Egypt's Sisi is first leader from Arab world to congratulate Trump

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Trump previously told Sisi that 'the United States of America will be a loyal friend, not simply an ally, that Egypt can count on'

Republican presidential candidate Donald Trump (L) meets with Egyptian President Abdel Fattah el-Sisi at the Plaza Hotel on 19 September 2016 in New York (AFP)
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Wednesday 9 November 2016 11:43 UTC
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Egyptian President Abdel Fattah el-Sisi was the first leader from the Arab world to congratulate Donald Trump on Wednesday and said he hoped the US president-elect would "pump new life" into Egyptian-American relations.

A statement from the Egyptian presidency emphasised the “special, strategic relationship” between Egypt and the United States that it said had lasted for decades.

“The Arab Republic of Egypt is looking to see Donald Trump’s presidency pump new life into the course of Egyptian-American relations, and more cooperation and coordination that will benefit both the Egyptian and American peoples, and promote peace and stability and development in the Middle East region, especially in the face of the huge challenges that it faces,” the statement read.

Trump met with Sisi in New York last September at the United Nations; the first time a Republican presidential candidate had met a leader from the Muslim world.

Trump told Sisi that "under a Trump administration, the United States of America will be a loyal friend, not simply an ally, that Egypt can count on".

Sisi came to power after staging a military coup against Egypt’s first democratically elected president Mohammed Morsi, who hailed from the Muslim Brotherhood.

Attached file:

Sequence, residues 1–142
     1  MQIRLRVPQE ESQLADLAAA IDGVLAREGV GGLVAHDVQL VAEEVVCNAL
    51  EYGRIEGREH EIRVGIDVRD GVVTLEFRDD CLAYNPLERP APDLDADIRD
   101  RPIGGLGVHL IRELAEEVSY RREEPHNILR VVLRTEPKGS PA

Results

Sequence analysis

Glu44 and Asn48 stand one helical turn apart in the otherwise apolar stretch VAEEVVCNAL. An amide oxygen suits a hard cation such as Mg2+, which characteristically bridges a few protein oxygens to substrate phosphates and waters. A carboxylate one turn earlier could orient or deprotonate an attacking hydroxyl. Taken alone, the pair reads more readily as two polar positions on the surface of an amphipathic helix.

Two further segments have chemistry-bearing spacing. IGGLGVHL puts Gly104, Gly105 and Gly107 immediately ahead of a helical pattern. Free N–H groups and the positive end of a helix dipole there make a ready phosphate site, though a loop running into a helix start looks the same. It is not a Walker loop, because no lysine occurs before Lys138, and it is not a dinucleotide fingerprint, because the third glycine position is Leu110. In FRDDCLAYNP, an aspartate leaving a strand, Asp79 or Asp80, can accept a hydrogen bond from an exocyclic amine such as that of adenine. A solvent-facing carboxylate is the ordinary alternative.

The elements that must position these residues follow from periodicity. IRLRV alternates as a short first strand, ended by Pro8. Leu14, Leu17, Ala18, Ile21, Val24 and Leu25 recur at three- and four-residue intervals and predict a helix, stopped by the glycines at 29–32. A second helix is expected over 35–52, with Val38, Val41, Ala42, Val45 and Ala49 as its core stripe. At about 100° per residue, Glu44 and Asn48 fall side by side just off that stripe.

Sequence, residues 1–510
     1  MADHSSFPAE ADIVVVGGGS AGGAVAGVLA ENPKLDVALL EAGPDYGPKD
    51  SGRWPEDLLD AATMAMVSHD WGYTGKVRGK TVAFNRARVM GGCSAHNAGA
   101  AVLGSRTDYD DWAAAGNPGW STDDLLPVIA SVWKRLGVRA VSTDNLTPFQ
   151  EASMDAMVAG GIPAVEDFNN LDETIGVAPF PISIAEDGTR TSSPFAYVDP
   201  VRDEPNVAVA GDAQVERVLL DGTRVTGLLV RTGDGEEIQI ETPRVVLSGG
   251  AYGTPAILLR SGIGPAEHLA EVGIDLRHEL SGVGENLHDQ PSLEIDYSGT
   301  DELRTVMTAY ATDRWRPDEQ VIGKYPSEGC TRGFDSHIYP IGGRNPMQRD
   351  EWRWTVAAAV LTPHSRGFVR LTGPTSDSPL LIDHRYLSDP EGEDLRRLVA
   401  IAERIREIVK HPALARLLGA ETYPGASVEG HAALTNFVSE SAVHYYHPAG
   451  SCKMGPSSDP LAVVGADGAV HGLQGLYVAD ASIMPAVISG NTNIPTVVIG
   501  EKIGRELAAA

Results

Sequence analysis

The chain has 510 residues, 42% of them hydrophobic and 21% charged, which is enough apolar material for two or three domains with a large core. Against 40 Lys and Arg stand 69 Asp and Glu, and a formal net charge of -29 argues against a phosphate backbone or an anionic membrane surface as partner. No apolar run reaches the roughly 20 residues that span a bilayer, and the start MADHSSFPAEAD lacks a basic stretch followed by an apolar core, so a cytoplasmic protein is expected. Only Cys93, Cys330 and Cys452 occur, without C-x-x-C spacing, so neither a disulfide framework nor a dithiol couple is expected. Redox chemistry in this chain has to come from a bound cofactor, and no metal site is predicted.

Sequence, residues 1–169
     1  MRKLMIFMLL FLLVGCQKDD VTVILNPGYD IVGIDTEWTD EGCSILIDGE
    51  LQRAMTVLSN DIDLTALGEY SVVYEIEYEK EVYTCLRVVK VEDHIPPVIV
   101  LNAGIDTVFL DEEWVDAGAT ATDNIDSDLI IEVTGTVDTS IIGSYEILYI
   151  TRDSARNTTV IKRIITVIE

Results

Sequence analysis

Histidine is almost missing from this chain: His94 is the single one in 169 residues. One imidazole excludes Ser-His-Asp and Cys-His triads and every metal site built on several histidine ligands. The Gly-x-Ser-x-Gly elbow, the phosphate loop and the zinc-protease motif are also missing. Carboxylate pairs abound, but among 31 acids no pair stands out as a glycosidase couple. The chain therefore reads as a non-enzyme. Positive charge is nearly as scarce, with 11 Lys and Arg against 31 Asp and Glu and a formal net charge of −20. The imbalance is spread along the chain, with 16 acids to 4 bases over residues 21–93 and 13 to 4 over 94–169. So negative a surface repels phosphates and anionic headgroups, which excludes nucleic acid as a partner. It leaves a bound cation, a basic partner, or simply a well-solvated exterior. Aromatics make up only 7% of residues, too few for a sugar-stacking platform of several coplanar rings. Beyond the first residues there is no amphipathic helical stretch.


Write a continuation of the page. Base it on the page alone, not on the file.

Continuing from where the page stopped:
The former defence minister’s harsh crackdown against the group and its supporters led to the killing of hundreds of unarmed protesters, and the jailing of thousands.

On 14 August 2013, security forces violently dispersed protests at Rabaa square, the focal point of pro-democracy protests during the crisis.

More than 1,150 people were killed across Egypt – 817 in Rabaa alone - in what Human Rights Watch has called the “worst single-day killing of protesters in modern history”.

Obama briefly suspended arms sales to Egypt in response, and though he later reversed that decision, relations between Washington and Cairo have not yet recovered.

Instead, Egypt has chosen to play the US off Russia, with whom the Arab world’s most populous country has had increasingly warm relations.

Egypt is in talks to allow Russia use of military bases across the country, including an air base on the Mediterranean coast close to the border with Libya, Russian media reported last month.

Russia is especially keen to renovate an ex-Soviet naval base in the coastal town of Sidi Barrani, which was used until 1972 to monitor US warships in the Mediterranean, Russian foreign and defence ministry sources told local daily Izvestia.

According to the source, an agreement could see the Sidi Barrani base be ready for use as an air base by 2019.